Historic Recipes As Sources cover

Historic Recipes As Sources

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Historians are currently engaged in a project of learning to use food as a source and as a medium for the study of history.





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Historic Recipes As Sources

A Source To Study

Historians are currently engaged in a project of learning to use food as a source and as a medium for the study of history.

Long an aspect of historic sites’ programs, the history of food and eating is increasingly attracting the interest of historians working in a broad range of institutions. Museums, such as the National Museum of American History, now feature exhibits and events about food history. More and more scholars are studying the production, consumption, and meaning of food in various times and places. Blog, journals and listers are examining the topic.

The Story Unfolds

The Story Unfolds

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The History Of Food

Elementary, secondary, and college educators are integrating the history of food into their curricula.

Meanwhile, with interest in the history of sensory experiences burgeoning more generally, scholars are experimenting with making and eating recipes as part of the study of the history of food. This special series examines some of the issues this endeavor raises.

Food is appealing and accessible as a means for studying the past. As the posts in this series explore, that accessibility encourages scholars to address familiar questions about interrogating sources in distinct ways.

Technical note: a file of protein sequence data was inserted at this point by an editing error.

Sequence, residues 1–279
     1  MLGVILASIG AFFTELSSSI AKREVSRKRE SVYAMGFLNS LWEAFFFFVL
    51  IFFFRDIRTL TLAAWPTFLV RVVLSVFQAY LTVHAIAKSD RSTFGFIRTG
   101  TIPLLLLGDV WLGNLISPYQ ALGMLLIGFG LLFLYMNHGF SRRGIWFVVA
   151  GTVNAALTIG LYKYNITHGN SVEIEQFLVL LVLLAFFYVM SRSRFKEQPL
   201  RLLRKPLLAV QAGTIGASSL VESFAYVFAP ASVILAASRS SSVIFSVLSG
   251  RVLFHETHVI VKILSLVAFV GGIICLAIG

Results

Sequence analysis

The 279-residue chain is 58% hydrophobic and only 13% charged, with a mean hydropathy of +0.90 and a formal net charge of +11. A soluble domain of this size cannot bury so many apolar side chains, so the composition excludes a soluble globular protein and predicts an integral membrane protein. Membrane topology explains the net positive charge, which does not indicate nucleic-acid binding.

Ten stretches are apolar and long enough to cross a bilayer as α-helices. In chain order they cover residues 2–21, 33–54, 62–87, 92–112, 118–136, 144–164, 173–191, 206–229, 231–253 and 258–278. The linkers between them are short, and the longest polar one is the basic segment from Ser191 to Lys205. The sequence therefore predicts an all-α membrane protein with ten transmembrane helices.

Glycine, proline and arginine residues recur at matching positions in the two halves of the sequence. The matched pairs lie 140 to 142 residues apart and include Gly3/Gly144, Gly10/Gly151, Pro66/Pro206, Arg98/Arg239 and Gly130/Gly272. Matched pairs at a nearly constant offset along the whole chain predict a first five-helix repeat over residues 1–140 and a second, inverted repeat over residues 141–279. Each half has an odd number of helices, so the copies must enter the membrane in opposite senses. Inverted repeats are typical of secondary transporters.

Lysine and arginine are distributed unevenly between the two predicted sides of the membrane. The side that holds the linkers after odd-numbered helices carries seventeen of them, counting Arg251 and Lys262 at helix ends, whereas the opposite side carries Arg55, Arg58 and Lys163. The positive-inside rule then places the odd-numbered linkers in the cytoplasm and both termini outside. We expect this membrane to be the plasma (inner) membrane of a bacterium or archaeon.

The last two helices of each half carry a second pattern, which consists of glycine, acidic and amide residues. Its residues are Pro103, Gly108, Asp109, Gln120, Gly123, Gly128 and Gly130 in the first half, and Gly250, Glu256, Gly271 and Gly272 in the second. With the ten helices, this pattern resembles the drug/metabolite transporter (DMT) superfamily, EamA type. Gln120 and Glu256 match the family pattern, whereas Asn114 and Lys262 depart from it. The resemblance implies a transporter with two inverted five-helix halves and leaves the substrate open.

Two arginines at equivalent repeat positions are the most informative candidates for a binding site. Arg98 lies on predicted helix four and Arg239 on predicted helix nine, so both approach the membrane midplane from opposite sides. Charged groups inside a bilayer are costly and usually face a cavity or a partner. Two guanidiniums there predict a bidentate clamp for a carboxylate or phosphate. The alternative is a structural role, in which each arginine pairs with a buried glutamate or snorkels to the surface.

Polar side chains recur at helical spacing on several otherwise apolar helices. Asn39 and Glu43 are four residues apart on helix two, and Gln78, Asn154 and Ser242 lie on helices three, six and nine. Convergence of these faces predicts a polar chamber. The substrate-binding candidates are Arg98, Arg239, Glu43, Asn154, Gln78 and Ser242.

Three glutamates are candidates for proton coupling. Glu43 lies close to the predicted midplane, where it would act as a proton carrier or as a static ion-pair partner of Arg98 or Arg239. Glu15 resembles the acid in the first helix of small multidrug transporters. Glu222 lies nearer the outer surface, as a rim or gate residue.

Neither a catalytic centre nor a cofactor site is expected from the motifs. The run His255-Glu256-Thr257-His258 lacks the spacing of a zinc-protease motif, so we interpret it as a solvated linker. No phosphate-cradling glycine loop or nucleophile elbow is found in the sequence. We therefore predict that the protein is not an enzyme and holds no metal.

Palates From The Past

Alma Igra, recipient of a “History in Action” grant from the American Historical Association-Mellon Career Diversity Pilot Program for the Leftovers project, reflects on the tension between necessarily bringing her experience as a cook to historic recipes and faithfully recovering those recipes.

Comparing two early-modern rice pudding recipes, along with the larger history of global trade and labor they reveal, Alyssa Connell and Marissa Nicosia of Cooking in the Archives consider how historic recipes allow us to approach, though never fully reach, an appreciation of palates in the past. David S. Shields, a leader in both the field of American food history and the repatriation of historic American foods, examines the unusual nature of American

The Story Unfolds

The Story Unfolds

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Making And Eating Historic Foods

As these authors so insightfully discuss, making and eating historic foods raises questions experientially about cookbooks, recipes, and ingredients as sources.

The nature of cooking and eating, along with practical considerations, also fosters more collaboration among scholars and in historic foodways projects than in historians’ typical work, as the various endeavors of the scholars in this series show.

Unlocking the Past

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Unlocking the Past

Much as the musical Hamilton innovatively explains historians’ reliance on an incomplete record to craft historical narratives, historic cookery similarly offers scholars’ opportunities to work with one another and with students and broader publics to grapple with the making of history. We invite you to join our exploration of food as source and medium for studying the past and welcome your thoughts.

The Recipes Project